Early data came in. It was interesting from Didier Ryall, from France, from Vladimir Zlenko in Monroe, New York, and then Brian Procter here in Dallas. [00:14:53][4.7]

All three studies showing that early treatment, even our earliest protocols were associated with 85 percent reductions in hospitalization and death compared to fair comparator groups, whether they be representative of groups that were not treated or from calculated risks from the Cleveland Clinic calculator which came came on in terms of calculated risk of hospitalization that weren't randomized trials. But we didn't have time for randomized trials. And, you know, two years later, do you know there's not a single large multidrug randomized clinical trial even planned in COVID 19? And I went on Tucker Carlson earlier this year and I told him, I said, Tucker, you know, to this day, Harvard doesn't have the protocol. Duke does not have a protocol. Mayo Clinic does not have a protocol. You know, these iconic institutions don't have a single idea on how to treat COVID 19 at home to prevent hospitalization and death. It is a colossal lapse, a colossal blunder of academic medicine to not apply any intellectual thought or effort and to try to prevent hospitalization and death. It's inexplicable [00:16:00][1.5]

Dr. Chris Martenson: [00:16:02] beyond inexplicable. And just to close up that that that Lancet paper that was a fraud within 48 hours, I knew that was a fraud. And Peter, this isn't my field. I just looked at it. I'm just a guy, right? And I read a few things on Twitter and somebody said, Hey, does it make sense that this little company, which has six people operating out of a storefront in Chicago, would have data feeds to 691 hospitals, let me explain what a data feed is, so I talked to somebody who has actually in the medical field is saying, Oh no, no, no. Every hospital has their own data system and they don't really talk and there's a lot of scrubbing and to even get one data feed to one hospital. All these hippa laws and, you know, database shielding and then harmonization practices, this looks like a million bucks to set up one of these. They claim to have 691 data feeds, including to hospitals all over Africa, where they were getting like really sophisticated heart pulse imagery data out of hospitals that probably didn't even have a machine for that. And I just looked at this with, I was like, This is a fraud. How does how do the editors at Lancet not see that? If I could, [00:17:06][64.7]

Dr. Peter McCullough: [00:17:08] you know, I looked at it too. And also the timing they had cases so early in the pandemic. How could they have organized all the data? How could they have gotten IRB approvals and IRB exemptions? How did all this come together? And the mean age was in the 40s and we were housewives and people in their 80s because I knew in a second it was a fraudulent paper. And I can tell you as an editor, you know, there are multiple reviewers assigned I've published in The Lancet. I've published an New England Journal of Medicine, there's multiple reviewers assigned, there's associate editors, there's editorial meetings and finally, editorial decisions. It's a high bar. It is a high bar. It honestly, Chris in New England Journal of Medicine. Remember the topic? There was ace inhibitors. It was not such a charged topic. The topic in Lancet was hydroxychloroquine. It looked like there was a breakdown. It looked like it was actually intentional. [00:18:00][10.7]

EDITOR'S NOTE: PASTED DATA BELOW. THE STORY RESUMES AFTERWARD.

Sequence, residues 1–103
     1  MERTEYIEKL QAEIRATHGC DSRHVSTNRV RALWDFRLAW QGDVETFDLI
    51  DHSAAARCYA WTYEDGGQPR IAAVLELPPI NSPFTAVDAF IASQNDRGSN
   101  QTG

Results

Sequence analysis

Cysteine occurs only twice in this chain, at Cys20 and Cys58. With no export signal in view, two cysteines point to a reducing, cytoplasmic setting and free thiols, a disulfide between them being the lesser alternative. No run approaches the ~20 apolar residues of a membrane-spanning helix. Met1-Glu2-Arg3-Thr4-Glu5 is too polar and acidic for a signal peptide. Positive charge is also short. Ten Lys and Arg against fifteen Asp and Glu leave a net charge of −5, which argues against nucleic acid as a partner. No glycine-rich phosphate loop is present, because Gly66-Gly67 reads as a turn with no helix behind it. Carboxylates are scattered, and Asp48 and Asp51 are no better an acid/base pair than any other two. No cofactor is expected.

Dr. Chris Martenson: [00:18:01] Yeah. All right. So. So let me ask you this straight up. If somebody gets a positive COVID diagnosis, is it a death sentence? No. What are what are the statistics here? [00:18:13][12.2]

Dr. Peter McCullough: [00:18:15] You know, well over 99 percent survival, which is absolutely wonderful. It means that the most important thing is this is amenable to risk.Stratification was the very first thing I put in my paper, and it's been shown now by multiple studies. We don't need to treat everybody. The estimates are about twenty five percent of adults. I have enough risk to be treated and what I mean by that is age over 50 start adding co-morbidities like obesity, diabetes, heart and lung disease, kidney disease, prior cancer. We can actually get to an over one percent risk for the composite variable of hospitalization and death. And what we say is listen over one percent. You know, that's enough to actually move the needle and let's do something. Now, clearly we can get to, you know, if we got to somebody in their 80s and they had heart failure and and chronic leukemia and lung disease, you know, we can get to risks of 40 and 50 and 60 percent in an individual of death. And what we know, our CDC has told us that the majority of people have actually died of COVID 19, but 90 percent actually have conditions that were also, in a sense, coma co-morbid or fatal conditions. A great example is a recently Colin Powell died a former secretary of state. [00:19:29][33.3]

You know, he had kind of a very advanced multiple myeloma. He had taken the vaccines. The vaccines had failed. And in the end, he's in his 80s and he dies of COVID. And you know, he could have died of myeloma later in the year. This would characterize about 90 percent of the COVID deaths in the United States, just like Colin Powell, whether vaccinated or not. And then also recently, Italy has just reclassified all the deaths, the number they came up with ninety seven percent of deaths.

So what people have been keyed in on is younger people who have died, which is very rare, but they die. Dramatic deaths and they don't have other comorbidities. And then people start to, in a sense, develop a conceptual fear of COVID 19 that while I could be that next, very rare case. [00:20:14][15.1]